Water is often the most limiting factor in crop yields. Missouri farmers usually face several weeks each summer in which crop water demand is high but rainfall is low. If irrigation is available, farmers can generate consistent yields despite a lack of precipitation.
The two most common irrigation methods farmers use to offset precipitation shortfalls are center pivots and furrows.
Center pivots are automated sprinkler irrigation systems that rotate to distribute water both precisely and uniformly. Generally, center pivots can apply a lower rate of irrigation water per application than a furrow irrigation system — making this system helpful in fields where the soil is prone to waterlogging because of poor internal drainage.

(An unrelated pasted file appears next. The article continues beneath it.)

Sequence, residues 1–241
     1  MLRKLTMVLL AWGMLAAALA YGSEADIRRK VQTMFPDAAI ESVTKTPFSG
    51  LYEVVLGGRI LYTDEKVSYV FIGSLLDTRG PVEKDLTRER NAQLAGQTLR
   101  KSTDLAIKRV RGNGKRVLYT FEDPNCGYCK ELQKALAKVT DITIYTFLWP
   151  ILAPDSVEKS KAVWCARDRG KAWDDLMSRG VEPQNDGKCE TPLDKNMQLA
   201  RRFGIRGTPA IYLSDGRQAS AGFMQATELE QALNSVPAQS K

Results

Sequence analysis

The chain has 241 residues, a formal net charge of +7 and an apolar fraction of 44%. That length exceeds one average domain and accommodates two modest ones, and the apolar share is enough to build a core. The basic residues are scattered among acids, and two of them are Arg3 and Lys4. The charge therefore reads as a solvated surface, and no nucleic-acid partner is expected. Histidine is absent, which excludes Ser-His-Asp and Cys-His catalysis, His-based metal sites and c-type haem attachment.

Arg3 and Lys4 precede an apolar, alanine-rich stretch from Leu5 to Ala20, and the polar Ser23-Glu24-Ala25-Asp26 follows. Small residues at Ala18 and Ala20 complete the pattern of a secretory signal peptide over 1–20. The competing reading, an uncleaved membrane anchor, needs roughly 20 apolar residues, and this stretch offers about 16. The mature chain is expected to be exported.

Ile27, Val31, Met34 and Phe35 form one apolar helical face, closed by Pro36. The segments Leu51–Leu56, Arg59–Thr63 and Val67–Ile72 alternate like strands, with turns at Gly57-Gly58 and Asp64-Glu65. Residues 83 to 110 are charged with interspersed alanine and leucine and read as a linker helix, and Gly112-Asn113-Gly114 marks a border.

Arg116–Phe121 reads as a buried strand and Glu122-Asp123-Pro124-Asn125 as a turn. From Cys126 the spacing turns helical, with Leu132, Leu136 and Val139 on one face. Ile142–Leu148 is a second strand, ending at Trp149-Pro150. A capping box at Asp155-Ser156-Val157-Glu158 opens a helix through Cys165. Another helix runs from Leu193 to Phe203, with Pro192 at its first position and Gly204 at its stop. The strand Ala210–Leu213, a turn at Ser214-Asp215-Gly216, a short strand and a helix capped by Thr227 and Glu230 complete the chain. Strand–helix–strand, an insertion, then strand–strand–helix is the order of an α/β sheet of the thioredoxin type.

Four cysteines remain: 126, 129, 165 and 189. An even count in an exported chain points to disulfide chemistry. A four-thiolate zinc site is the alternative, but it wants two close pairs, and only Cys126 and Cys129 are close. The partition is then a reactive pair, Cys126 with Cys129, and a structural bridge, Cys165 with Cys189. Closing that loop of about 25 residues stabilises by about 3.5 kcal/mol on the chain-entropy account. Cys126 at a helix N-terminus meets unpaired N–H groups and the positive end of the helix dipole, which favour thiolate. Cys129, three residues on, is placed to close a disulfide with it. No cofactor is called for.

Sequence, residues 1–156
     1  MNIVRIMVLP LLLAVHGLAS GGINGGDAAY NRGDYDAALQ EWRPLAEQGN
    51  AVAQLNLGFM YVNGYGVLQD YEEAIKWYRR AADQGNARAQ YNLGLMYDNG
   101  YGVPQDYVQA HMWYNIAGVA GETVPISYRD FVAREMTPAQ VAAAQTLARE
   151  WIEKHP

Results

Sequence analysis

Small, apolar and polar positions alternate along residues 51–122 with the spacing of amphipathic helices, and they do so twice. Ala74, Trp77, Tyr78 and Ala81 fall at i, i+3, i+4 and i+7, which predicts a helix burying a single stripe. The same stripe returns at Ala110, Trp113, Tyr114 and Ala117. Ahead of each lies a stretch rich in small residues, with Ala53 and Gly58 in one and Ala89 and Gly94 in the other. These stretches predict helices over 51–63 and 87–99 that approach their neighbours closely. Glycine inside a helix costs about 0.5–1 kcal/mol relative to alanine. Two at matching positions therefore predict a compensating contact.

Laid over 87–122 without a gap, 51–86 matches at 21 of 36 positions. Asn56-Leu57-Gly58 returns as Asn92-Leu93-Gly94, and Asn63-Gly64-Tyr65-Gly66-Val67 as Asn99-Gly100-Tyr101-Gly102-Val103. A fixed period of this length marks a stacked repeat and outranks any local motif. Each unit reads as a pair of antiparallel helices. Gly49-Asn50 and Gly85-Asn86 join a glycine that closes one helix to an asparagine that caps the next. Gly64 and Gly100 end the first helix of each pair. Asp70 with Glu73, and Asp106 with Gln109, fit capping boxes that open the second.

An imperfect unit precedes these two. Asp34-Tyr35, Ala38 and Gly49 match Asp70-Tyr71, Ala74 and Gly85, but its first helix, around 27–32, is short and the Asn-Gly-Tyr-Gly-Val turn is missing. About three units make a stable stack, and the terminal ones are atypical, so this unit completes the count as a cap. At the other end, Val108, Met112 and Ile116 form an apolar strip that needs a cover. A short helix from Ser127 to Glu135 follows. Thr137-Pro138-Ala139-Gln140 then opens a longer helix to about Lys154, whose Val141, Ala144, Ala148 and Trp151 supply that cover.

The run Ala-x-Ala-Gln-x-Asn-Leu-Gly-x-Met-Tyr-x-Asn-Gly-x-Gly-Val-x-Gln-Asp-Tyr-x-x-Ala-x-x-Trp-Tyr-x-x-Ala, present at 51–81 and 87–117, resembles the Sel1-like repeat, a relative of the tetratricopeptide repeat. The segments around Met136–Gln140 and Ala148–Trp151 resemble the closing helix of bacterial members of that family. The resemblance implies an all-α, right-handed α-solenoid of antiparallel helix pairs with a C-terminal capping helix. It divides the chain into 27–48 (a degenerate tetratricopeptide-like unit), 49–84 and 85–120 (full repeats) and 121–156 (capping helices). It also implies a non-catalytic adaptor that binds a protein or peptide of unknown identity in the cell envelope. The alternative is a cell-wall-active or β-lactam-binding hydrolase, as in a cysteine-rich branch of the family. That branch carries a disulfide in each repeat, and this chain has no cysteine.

Furrow irrigation, which distributes water through shallow channels between crop rows, is a less expensive system to set up and maintain. Water infiltration is two-dimensional, seeping into the soil both vertically and horizontally without directly wetting the plant.
Learn more about various irrigation methods on this website.
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